The Exposure Triangle

In photographic terms never was a truer word spoken than ‘Light is the key’.

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esr-law-77ZDhsuETAA-unsplash-300x225.jpg

esr-law-77ZDhsuETAA-unsplash-300x225.jpgThis is simply because photography is all about, understanding and capturing light.

In
fact, the word photograph is derived from ancient Greek. The original
word ‘Photo’ is from the Greek word ‘phos’ meaning ‘light’ and the word
‘graph’ also comes from a Greek word meaning ‘to draw’. Putting the two
together gives us the word photograph, which means drawing with light or
as I prefer to say, having fun with light

 

Without light, photography wouldn’t be possible.

There are three things that affect the amount of light entering the camera they are, aperture, shutter speed and ISO.

These are often referred to as the ‘exposure triangle’.

So
far I’ve talked about aperture and shutter speed, and here I want to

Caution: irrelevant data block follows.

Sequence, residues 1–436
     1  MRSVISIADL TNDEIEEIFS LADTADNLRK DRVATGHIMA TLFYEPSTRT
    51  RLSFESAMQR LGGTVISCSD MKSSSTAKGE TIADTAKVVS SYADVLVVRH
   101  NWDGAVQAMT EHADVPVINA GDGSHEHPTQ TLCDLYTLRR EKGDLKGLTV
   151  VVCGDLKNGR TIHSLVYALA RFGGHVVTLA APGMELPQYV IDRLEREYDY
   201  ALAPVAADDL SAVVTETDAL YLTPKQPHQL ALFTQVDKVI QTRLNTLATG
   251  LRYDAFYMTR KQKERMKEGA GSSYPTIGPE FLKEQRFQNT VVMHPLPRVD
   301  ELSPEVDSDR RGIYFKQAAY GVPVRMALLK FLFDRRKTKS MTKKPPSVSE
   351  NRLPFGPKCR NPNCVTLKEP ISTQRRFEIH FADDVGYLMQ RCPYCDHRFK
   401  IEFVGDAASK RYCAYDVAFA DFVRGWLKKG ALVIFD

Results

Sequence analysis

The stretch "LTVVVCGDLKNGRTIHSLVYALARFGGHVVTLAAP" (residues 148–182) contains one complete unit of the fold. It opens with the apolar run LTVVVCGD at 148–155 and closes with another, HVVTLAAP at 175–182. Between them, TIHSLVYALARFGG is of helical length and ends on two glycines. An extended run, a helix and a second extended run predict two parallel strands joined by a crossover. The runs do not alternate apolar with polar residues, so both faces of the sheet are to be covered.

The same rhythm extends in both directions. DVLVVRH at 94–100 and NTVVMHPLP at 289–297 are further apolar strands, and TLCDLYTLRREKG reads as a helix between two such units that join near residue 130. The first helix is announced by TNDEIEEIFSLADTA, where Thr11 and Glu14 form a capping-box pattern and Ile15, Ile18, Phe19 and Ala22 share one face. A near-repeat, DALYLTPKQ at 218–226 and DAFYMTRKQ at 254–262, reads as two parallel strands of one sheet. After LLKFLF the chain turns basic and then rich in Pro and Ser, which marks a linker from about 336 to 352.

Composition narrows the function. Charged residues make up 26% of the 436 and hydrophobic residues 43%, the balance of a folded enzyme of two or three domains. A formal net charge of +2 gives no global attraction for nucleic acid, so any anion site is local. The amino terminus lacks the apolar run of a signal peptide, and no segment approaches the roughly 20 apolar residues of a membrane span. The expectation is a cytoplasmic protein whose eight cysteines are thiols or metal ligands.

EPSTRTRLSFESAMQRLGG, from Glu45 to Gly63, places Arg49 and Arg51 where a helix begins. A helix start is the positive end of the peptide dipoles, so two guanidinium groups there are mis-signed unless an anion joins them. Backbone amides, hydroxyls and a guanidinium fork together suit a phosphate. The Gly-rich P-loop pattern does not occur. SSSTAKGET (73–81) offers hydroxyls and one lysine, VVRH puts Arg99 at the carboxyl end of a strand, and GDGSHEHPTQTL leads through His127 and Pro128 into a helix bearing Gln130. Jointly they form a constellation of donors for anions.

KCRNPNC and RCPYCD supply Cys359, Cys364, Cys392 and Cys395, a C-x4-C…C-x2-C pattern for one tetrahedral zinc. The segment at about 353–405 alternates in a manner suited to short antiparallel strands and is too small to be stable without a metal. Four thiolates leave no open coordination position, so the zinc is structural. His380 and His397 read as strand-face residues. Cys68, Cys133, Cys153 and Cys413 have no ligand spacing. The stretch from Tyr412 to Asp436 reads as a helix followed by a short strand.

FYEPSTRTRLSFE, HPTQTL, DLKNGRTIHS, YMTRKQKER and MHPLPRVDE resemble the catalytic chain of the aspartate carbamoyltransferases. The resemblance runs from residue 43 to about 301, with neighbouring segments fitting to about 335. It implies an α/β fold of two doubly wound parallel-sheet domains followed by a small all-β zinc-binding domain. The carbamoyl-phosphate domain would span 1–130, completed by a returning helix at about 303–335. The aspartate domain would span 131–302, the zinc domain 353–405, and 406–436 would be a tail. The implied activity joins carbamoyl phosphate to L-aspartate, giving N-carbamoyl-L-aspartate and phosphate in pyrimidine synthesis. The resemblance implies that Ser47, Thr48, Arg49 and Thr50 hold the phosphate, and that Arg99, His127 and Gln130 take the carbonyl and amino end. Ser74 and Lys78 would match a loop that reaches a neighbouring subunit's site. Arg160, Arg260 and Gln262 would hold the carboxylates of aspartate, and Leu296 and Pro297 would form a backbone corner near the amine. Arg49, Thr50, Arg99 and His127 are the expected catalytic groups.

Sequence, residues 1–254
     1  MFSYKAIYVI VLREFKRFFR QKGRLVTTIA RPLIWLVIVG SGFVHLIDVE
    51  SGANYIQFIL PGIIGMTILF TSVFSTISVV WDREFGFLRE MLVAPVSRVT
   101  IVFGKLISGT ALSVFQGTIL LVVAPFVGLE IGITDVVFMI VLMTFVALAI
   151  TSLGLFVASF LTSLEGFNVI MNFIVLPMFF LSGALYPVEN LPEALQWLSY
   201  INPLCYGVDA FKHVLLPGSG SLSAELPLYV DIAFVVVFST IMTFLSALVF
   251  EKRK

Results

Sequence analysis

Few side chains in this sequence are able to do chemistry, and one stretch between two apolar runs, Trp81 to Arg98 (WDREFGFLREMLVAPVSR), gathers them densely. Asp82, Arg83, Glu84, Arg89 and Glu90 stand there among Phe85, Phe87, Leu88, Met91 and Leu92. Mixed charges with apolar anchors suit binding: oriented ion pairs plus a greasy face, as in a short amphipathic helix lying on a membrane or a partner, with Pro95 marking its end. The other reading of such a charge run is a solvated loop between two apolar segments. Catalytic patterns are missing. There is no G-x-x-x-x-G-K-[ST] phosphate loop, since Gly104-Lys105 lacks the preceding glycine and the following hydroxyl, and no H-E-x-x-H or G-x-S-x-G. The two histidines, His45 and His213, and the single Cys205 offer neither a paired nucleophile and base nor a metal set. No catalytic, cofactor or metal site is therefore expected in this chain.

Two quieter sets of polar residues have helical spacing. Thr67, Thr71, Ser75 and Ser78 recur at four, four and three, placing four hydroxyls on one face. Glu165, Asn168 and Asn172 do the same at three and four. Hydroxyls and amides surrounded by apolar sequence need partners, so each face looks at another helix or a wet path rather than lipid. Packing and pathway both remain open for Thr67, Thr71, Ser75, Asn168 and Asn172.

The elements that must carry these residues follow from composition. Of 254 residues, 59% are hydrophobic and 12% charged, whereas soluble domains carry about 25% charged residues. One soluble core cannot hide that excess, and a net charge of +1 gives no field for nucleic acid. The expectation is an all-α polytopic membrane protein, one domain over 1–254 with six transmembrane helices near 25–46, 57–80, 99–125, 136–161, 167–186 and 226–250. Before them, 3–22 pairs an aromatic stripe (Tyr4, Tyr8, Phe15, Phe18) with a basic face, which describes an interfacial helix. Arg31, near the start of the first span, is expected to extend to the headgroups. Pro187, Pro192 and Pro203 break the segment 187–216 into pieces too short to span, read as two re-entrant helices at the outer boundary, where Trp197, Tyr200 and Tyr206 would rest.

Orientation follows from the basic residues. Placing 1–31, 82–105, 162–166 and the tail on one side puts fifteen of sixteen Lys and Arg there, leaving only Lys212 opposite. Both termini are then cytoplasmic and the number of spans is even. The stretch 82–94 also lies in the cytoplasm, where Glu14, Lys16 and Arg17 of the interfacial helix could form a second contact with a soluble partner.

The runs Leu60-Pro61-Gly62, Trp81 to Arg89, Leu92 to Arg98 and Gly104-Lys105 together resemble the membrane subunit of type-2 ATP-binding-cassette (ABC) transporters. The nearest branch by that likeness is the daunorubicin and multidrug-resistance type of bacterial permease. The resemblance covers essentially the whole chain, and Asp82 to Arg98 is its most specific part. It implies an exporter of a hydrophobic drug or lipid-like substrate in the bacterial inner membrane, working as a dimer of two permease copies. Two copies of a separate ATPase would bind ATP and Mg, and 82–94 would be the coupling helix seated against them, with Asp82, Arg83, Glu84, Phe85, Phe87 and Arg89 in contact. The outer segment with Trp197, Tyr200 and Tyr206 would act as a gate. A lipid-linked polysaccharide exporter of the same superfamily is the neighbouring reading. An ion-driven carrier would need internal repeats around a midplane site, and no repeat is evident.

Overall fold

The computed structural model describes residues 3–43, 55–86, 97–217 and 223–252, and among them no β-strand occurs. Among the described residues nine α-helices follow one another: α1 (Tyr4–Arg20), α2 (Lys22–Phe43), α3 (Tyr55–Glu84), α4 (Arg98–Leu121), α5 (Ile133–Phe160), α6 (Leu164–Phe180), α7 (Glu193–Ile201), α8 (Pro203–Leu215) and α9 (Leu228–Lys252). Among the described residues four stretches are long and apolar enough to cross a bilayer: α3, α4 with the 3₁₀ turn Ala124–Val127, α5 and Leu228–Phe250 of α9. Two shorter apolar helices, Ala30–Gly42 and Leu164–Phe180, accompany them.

mention ISO,.  it stands for ‘International Organisation for
Standardisation’

In the most basic terms, ISO is a camera setting
that will lighten or darken your photo. As you increase the ISO number,
your photos will grow progressively brighter. You’ll sometimes hear
photographers talking about ‘bumping up your ISO’, this is because
raising your ISO can help you capture images in darker environments, or
allow you more creativity with your aperture or shutter speeds.

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The Exposure Triangle

However,
there is an issue with raising your ISO, the higher you go the more
grain-like noise you’ll see in your images. This can mean more, tiny
dots and patchy colours in your photos. I’ll talk more about noise and
ISO in the full VeryEasyPhotography course. But at this early stage
introducing too much ‘technical’ jargo can be confusing.

So far,
we’ve covered all three variables that can affect your exposure;
aperture, shutter speed and ISO, they form the exposure triangle.

What is the exposure triangle?

It’s the relationship between aperture, shutter speed and ISO to create an exposure.

In this diagram you’ll see aperture is at the bottom, on the right is shutter speed and on the left is ISO.

Finally,
the arrows in the middle show how the exposure gets brighter or darker
as the settings work in relation to each other. As you alter one it has
an effect on one of the others

Which ever variable you alter has an affect on at least one of the other two.

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